DEAR DR. DONOHUE: What’s considered normal blood pressure? Mine is 132/88, and the doctor says that is not normal. It doesn’t sound high to me. I asked why he doesn’t prescribe medicine for me if this is not normal, but he didn’t answer. Is he being reasonable? – L.L.

ANSWER: The latest blood pressure guidelines are more stringent than the former ones. Now a normal pressure is one less than 120 over 80. The first blood pressure number is the systolic pressure, the force imparted to blood as it is ejected from the heart into the circulation. The second number, diastolic pressure, is the pressure in the circulation between heartbeats. Both numbers are important. If only one of them is higher than normal, that still constitutes high blood pressure.

Systolic pressures of 140 to 159 and diastolic pressures of 90 to 99 are designated as stage 1 hypertension (high blood pressure). Elevation of the systolic, the diastolic or both puts a person in the hypertensive range. Stage 2 hypertension is a systolic elevation of 160 or greater and a diastolic of 100 or higher.

That leaves a big gap in blood pressure readings. Systolic readings of 120 to 139 or diastolic readings of 80 to 89 constitute a new class called “prehypertension.” You are in that class.

People with prehypertension don’t need medicines. They do, however, need to make what are called lifestyle modifications. Weight loss, when indicated, is one of those modifications and a very important one. Limiting the use of salt is another. Exercising for 30 minute a day, every day if possible, brings down pressure. Limiting alcoholic drinks to two a day for men and one a day for women is part of lifestyle modification. Making sure your diet contains foods with a hefty amount of potassium, magnesium and calcium can also lower blood pressure. Potassium-rich foods include baked potatoes with skin, raisins, bananas, sweet potatoes, acorn squash, spinach, cantaloupe, oranges and orange juice, tomatoes and kidney beans. A good magnesium supply is found in green, leafy vegetables, unpolished grains, nuts and meats. Dairy products are the best source of calcium.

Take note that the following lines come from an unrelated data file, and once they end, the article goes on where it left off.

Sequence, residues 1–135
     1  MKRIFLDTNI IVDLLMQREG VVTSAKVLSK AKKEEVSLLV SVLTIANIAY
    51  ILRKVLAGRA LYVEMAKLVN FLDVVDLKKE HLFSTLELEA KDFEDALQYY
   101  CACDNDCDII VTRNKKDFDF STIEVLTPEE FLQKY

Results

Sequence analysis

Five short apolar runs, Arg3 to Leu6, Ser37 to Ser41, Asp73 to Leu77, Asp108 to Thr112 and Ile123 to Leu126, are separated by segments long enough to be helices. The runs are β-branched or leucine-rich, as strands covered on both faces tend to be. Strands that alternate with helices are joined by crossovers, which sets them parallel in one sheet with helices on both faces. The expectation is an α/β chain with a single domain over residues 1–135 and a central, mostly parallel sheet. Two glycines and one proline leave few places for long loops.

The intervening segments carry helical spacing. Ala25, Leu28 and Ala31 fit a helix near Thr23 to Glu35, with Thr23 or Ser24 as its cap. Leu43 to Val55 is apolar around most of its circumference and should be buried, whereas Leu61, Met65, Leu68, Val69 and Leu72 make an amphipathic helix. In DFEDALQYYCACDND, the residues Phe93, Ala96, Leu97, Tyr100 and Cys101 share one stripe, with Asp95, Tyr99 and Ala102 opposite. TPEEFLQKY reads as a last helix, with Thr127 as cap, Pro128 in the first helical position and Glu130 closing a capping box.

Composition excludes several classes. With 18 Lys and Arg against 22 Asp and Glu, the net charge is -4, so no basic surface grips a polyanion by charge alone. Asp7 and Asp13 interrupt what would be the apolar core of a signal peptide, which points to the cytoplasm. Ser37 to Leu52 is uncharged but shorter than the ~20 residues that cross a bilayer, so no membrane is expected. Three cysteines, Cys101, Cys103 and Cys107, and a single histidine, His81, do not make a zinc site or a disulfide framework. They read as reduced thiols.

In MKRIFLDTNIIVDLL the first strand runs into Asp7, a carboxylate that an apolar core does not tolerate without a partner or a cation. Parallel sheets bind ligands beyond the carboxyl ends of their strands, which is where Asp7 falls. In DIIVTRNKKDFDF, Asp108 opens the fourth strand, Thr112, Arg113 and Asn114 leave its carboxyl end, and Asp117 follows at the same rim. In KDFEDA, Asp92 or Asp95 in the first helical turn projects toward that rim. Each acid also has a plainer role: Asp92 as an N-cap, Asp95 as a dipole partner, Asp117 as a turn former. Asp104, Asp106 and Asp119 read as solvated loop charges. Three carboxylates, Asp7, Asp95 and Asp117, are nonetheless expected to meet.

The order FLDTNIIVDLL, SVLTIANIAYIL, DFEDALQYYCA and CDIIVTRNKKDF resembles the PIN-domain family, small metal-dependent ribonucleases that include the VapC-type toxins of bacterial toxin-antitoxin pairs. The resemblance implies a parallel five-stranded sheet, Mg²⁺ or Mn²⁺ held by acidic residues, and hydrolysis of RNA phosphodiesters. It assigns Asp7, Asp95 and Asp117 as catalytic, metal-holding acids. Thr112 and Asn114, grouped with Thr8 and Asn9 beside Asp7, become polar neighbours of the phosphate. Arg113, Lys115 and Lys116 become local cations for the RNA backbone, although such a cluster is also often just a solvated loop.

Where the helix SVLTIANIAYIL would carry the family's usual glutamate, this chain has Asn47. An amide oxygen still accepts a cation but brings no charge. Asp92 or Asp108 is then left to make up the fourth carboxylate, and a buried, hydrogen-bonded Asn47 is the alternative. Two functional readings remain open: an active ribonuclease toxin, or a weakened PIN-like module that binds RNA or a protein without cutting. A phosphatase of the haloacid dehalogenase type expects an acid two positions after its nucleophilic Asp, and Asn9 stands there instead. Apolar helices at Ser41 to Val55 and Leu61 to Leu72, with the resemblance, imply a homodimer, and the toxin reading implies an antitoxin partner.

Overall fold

DEAR DR. DONOHUE: I have a positive AIDS test. Naturally I am distressed. My doctor took many other tests and says that at the present I don’t need any treatment. I would like to know your opinion on that, and I would also like to know what those tests are. Thank you. – G.K.

ANSWER: One of the tests your doctor had done is called the T-4 lymphocyte (also called CD4 T-helper cells) count. T-4 lymphocytes are responsible for protecting the body against a variety of infections, including the HIV virus, the cause of AIDS. The HIV virus targets these cells and destroys them, leaving a person vulnerable to unopposed HIV proliferation and infection from a number of other viruses, bacteria and fungi. If the T-4 count is above 350, many AIDS experts defer treatment.

The other test is a quantification of the viral particles in the blood. If the quantity is not high, then treatment can be postponed.

Your distress is understandable. However, today’s treatments of AIDS provide more than a glimmer of hope. Infected people are living longer and longer and are engaged in active, productive lives.

DEAR DR. DONOHUE: What are crabs, and how do you get them? How do you know if you have them? – S.W.

ANSWER: “Crabs” is the everyday name for pubic lice. They are most often transmitted through sexual relations. You know you have them if the pubic area becomes intensely itchy and you see specks of black discoloration on your undergarments. The actual louse is quite small, about one-tenth of an inch (.2 cm), so you have to strain to see one. You can also see and feel lice nits, the hard shells covering louse eggs and attached to pubic hair.

Dr. Donohue regrets that he is unable to answer individual letters, but he will incorporate them in his column whenever possible. Readers may write him or request an order form of available health newsletters at P.O. Box 536475, Orlando, FL 32853-6475.

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